Briefly Noted

UHealth Doctor Fulfills Olympic Dream

Special to Um News


UHealh Sports Medicine’s Carolyn Kienstra is living her Olympic dream–as a physician.

Carolyn Kienstra, M.D., a pediatric sports medicine physician at UHealth Sports Medicine, is living a dream.

“Olympic gymnastics is the reason I fell in love with sports,” said Kienstra. “I have become a fan of and participant in many other sports over the years, but gymnastics has always been my first love.”

The opportunity to travel to Rio de Janeiro and volunteer as a physician for the athletes is a privilege for any doctor, but to be able to work with the gymnastics events makes it extra special for Kienstra.

“It has been an amazing experience,” Kienstra said. “Every day I think to myself, I can’t believe I am really doing this.”

Kienstra fell in love with gymnastics in the summer of 1992, when the young women of Team USA won a bronze medal and Shannon Miller took home five medals, a feat that had not been accomplished since Mary Lou Retton. Kienstra continued to follow gymnastics, and her love of the sport grew.

Over the next four years, Kienstra and her younger sister started taking gymnastics lessons, watched any gymnastics events they could find on TV, and when that wasn’t an option, they watched replays carefully recorded on VHS tapes.

“My parents really thought we would wear out the tape from the end of the team final in Barcelona,” she said. “We had it memorized word for word. I can actually still remember most of it to this day.”

By the time the Olympics came around again in 1996, Kienstra had become a huge fan. She collected anything she could find associated with the Olympics or gymnastics, including Wheaties boxes, Cabbage Patch dolls and lots of magazines and articles. She even decorated her entire room in red, white and blue.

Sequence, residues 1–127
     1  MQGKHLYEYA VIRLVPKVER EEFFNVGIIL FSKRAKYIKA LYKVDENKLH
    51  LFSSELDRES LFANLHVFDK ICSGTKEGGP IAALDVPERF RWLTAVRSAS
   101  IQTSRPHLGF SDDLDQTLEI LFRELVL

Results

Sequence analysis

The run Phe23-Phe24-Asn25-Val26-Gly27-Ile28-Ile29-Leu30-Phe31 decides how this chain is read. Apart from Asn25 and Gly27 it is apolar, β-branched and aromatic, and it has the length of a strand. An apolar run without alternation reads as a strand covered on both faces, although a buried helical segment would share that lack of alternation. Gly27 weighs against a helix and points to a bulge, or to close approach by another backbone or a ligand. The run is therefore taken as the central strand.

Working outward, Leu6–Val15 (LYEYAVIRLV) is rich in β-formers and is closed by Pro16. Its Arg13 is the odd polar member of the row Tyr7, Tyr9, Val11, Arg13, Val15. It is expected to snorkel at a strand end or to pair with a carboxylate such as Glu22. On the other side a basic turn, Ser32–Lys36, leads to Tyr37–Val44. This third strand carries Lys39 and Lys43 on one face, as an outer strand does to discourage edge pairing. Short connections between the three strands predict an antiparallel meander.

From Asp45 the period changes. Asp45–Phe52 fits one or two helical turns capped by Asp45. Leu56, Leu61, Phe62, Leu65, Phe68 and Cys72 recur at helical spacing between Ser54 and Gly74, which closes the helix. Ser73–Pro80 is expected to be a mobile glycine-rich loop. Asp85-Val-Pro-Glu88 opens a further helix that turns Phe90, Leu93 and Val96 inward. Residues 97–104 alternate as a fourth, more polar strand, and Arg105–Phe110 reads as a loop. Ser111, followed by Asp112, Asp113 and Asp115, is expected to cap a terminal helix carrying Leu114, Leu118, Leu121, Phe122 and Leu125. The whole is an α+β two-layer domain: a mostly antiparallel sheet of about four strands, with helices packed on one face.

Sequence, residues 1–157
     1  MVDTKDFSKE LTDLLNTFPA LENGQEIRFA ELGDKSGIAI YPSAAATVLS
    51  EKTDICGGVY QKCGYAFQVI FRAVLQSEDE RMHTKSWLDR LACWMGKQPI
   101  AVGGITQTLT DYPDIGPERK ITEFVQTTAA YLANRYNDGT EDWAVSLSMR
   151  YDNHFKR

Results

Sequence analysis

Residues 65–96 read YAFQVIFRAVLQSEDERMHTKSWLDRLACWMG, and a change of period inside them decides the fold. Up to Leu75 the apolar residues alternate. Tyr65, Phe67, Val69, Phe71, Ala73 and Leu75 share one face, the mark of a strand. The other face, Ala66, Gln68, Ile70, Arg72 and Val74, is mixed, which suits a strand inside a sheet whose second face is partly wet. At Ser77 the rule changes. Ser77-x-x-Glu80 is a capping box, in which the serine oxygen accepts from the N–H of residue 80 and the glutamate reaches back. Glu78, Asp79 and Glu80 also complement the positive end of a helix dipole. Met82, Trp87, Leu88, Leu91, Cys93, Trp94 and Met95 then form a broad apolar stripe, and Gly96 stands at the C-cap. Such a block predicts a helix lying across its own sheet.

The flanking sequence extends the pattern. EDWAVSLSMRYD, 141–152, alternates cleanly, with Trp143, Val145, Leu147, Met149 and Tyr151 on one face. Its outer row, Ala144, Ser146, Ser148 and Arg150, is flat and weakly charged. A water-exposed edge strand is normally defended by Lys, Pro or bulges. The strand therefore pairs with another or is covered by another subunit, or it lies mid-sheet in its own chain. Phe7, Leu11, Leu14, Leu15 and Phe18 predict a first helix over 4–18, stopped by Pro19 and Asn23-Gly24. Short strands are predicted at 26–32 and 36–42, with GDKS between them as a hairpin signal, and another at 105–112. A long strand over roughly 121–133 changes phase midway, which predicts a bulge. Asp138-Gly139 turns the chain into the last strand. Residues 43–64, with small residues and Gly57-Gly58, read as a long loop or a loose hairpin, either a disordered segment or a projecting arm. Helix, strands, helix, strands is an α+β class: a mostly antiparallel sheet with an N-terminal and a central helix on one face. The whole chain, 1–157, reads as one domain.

When the U.S. team, dubbed the Magnificent Seven, earned the first Olympic team all-around gold medal in U.S. gymnastics history in Atlanta, she was watching and cheering for every move.

“It was such a magical night for the team,” Kienstra said.

Kienstra’s love of the sport made the opportunity to cover gymnastics at the Olympics all the more special.

“I can’t believe this opportunity came together as it did,” Kienstra said. “Months ago, when UHealth was first approached to volunteer in Rio, we were all very excited, but we didn’t really know what role we would be playing. Then, a few weeks ago, when I was found out I would get to work with gymnastics, I couldn’t believe it.”

Kienstra has been making the most of her time in Rio, seeing the sites with colleagues and taking in events such as the Opening Ceremony, where she was caught photobombing the Team USA men’s basketball team by USA Today.

“Being at the Opening Ceremony was one of the most amazing experiences of my life,” she said. She is also hoping to see some of the other competitions, including swimming and diving, but gymnastics is still tops on her list.

“I think I spent about 12 hours in the Rio Arena the first day of the women’s qualification just taking it all in,” she said. “As a doctor, I was watching the competition floor for injuries, but I was also a spectator and fan.

“It’s something I’ll never forget, and I’m so proud to share this experience with family, friends and my UHealth colleagues. I’m very grateful for all they have done to organize and make this possible. It is definitely a dream come true.”

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Robert L. Blake Passes Away

Robert. L. Blake

Robert. L. Blake

Robert L. Blake, who served as vice president, general counsel, and secretary of the University of Miami under two presidents, passed away on August 10, leaving an indelible impact on the University and the community.